I don’t really mind. I grew up taking books out of the library for exactly nada, so if someone wants to spend the same discovering my work they’re welcome. After all, I grew up to be a person who quite happily buys books by her favourite authors as soon as they release them. I can only presume the freeloader of today will be the fan of tomorrow.

My not really minding came to a halt at the next comment however.

Too long and a bit boring.

WTF??? My book??? The short and interesting one???

How rude! I take back everything about not minding the poverty stricken freeloaders, and replace it immediately with hate and lawsuits.

Copyright infringement is one thing, tasteless reviews are quite another.

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29 Mar / Breakfast

We went out for a cooked breakfast this morning. Some family reason, I don’t really know because I wasn’t concentrating. I was too busy trying not to cough up phlegm in the middle of a restaurant.

To show it was a really bad idea to go out to breakfast the rain absolutely poured down. This is something Christchurch rain seldom gets itself worked up enough to do. When it does go to the trouble, you should respect it and stay indoors. Instead, we drove to the Casino.

Perhaps I should insert here that if you go out for a meal that involves my darling’s mother it will be at the Casino. This is the only place in Christchurch that she knows how to get to, and get to she does, quite often.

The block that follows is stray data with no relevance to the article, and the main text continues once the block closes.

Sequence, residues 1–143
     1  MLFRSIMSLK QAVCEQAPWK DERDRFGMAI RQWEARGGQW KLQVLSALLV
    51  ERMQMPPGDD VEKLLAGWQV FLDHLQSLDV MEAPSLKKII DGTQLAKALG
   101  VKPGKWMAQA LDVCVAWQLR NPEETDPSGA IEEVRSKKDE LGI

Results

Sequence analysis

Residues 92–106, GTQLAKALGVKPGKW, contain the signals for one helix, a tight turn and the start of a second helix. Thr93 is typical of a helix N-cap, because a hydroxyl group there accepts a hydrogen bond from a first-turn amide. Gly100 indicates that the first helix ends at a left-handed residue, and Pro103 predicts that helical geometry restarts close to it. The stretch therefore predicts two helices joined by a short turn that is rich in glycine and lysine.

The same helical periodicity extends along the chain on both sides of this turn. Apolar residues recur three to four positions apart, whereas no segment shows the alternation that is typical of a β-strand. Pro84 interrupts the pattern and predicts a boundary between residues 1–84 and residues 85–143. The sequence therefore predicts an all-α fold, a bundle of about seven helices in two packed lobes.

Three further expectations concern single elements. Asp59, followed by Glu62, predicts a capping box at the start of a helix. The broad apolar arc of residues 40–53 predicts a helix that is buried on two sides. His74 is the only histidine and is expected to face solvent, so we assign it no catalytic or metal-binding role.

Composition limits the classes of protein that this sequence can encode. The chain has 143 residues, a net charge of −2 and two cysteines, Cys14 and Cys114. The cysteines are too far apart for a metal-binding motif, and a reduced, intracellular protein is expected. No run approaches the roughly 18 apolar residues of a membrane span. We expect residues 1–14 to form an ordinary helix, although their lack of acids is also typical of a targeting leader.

The breakfast is a buffet, and while others at the table started off with a quite reasonable spread of yoghurt and fruit, I headed straight for the eggs and bacon.

Eggs Benedict, sausages, bacon, pancakes. My meal was almost complete. And then I lifted the stainless steel lid on the hash browns to reveal… nothing.

Two trays of bacon there were. Two trays of eggs. One tray of sausages, but that’s about right. One double tray of pancakes. And what size was the tray set aside for the hash browns? One tray. ONE TRAY.

I mean, I ask you. If you had the choice of making sure there were hash browns available, or holding aside extra trays for mushrooms, and tomatoes, and baked beans, what would you do?

Exactly. But no. The buffet adjudicators have decided in their wisdom that the diners of Christchurch would rather have variety than an ample supply of the necessities.

This created a slight controversy when the next load of hash browns were served up, and I cut the line to select a plateful, leaving almost none behind for the people still waiting in line.